How come when it comes to this new vaccine, the conservative parents think that they have the right to say whether or not their daughter gets vaccinated? Isn’t this a stem of “my body, my choice”? The opposite is also true of liberals who are completely for the government stepping in and mandating the vaccine. Shouldn’t they also be for the government ban on abortion?

    I hope it doesn’t sound like I’m taking sides in the above paragraphs, but I think that the inconsistencies should be pointed out.

    I’m curious as to Jefferson’s definition of the word “created” in his opening paragraph of the Declaration of Independence. Considering his spiritual stance and the culture of that time I have my guesses, but I’m really not sure.

    I hope you don’t mind me taking the podium on your blog, but I have a question:

    Where does it stop with the government saying what we should or shouldn’t do as parents or possible parents? Abortion… Vaccination… should these be viewed as separate matters or lumped into the same category.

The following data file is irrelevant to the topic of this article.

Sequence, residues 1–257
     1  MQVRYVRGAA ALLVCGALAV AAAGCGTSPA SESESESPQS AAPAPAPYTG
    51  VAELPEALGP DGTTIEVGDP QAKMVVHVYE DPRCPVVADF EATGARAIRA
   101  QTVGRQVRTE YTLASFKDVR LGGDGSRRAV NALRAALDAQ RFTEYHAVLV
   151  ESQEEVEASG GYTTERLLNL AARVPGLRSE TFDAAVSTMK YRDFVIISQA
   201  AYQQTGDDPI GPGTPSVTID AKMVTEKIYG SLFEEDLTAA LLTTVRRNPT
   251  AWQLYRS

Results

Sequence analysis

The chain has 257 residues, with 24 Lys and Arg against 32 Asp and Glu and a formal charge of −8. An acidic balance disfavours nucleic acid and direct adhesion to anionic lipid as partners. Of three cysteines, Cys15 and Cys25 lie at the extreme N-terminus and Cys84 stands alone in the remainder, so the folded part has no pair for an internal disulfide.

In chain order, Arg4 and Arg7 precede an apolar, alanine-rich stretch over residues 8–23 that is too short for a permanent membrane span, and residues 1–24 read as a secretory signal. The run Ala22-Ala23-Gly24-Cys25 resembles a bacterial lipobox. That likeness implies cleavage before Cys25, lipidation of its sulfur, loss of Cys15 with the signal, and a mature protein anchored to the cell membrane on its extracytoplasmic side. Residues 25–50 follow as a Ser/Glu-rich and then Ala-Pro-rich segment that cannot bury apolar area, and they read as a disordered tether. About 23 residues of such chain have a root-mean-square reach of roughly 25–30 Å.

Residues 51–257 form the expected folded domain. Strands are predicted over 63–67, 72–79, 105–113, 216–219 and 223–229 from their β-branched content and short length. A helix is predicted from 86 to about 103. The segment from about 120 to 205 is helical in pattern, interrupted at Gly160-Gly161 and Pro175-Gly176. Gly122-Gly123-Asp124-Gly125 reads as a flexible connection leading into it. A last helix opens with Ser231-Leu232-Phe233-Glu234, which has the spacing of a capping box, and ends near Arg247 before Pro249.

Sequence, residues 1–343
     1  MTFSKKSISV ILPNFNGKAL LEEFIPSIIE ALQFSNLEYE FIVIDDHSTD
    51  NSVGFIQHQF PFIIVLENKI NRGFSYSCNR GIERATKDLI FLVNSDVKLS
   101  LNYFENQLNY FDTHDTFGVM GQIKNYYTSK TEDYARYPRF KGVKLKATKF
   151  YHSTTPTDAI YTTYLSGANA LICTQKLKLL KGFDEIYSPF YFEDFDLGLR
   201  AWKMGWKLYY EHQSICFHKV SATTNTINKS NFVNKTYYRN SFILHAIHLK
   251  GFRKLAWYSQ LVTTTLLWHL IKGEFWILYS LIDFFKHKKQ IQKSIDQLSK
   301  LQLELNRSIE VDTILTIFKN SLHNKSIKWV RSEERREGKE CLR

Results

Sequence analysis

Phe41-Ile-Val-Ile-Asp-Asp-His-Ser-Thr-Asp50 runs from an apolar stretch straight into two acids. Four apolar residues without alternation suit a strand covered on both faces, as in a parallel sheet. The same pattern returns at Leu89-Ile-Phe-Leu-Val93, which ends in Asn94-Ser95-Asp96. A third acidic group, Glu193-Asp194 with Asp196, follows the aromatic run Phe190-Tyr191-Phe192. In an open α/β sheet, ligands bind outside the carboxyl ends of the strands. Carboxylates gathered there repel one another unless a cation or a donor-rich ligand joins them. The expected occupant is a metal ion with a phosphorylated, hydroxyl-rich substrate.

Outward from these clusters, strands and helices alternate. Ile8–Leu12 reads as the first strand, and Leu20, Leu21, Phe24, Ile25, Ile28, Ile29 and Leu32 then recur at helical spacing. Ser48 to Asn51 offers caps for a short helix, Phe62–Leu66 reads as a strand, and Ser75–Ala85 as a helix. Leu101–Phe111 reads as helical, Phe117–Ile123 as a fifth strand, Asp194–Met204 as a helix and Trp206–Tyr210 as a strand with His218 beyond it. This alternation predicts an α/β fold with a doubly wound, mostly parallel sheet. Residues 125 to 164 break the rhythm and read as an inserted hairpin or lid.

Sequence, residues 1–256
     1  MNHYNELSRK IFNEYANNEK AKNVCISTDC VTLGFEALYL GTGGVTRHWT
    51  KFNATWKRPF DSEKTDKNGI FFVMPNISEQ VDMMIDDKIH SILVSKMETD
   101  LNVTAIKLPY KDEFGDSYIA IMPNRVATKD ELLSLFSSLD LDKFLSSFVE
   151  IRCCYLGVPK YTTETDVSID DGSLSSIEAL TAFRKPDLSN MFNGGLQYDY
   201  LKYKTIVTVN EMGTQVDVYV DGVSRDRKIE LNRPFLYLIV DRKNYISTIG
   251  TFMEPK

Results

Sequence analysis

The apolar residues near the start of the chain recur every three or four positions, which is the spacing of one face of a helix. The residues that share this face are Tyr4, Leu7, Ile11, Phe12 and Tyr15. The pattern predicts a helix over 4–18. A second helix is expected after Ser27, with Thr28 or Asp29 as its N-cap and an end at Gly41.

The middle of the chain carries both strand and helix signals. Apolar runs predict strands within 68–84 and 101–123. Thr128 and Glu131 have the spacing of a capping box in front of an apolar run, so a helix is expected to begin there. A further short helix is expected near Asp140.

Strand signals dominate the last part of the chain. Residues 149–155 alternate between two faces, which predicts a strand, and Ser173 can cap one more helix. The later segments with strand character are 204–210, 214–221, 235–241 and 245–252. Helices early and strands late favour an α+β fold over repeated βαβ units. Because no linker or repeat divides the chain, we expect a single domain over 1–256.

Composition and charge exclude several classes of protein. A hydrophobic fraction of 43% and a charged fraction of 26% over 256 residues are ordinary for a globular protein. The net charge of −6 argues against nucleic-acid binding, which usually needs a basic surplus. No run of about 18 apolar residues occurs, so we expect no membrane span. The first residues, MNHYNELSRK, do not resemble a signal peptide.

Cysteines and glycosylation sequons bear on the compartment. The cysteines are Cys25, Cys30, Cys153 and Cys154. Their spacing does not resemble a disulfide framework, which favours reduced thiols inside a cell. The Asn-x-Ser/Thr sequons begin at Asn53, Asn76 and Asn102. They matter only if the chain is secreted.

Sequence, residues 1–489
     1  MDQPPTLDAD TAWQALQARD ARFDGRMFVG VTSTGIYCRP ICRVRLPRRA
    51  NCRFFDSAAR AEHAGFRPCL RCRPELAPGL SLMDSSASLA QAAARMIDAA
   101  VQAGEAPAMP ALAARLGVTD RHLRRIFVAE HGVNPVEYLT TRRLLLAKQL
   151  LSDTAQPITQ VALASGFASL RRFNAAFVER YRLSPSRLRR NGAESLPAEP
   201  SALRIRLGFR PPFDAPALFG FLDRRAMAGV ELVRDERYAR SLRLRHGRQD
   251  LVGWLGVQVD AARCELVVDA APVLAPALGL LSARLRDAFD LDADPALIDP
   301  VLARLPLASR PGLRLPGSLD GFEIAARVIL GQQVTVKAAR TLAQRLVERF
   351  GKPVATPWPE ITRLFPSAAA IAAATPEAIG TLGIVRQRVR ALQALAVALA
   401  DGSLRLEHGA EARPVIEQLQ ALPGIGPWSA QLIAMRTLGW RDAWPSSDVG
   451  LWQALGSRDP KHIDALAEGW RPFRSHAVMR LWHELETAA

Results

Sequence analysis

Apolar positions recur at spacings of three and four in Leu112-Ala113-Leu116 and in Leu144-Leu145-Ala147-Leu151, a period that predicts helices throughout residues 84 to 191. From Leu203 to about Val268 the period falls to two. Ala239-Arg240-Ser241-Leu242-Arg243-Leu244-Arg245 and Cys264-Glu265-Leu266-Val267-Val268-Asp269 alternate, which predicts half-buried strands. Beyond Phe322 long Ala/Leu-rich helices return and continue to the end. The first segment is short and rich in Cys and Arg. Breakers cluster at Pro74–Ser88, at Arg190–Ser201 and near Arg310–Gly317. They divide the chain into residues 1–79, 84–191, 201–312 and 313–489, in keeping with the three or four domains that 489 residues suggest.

I’m sure many are going to say that I’m comparing apples to oranges, and to be honest, it does somewhat sound like I am. What I’m arguing is the principle of the matter.

    Any post that gets me opening my fat yap is a good one. This may be one of your best.

    I can’t wait for your response.

Leave a Reply

Fill in your details below or click an icon to log in:

WordPress.com Logo

You are commenting using your WordPress.com account. Log Out / Change )

Twitter picture

You are commenting using your Twitter account. Log Out / Change )

Facebook photo

You are commenting using your Facebook account. Log Out / Change )

Google+ photo

You are commenting using your Google+ account. Log Out / Change )

Connecting to %s

 
%d bloggers like this: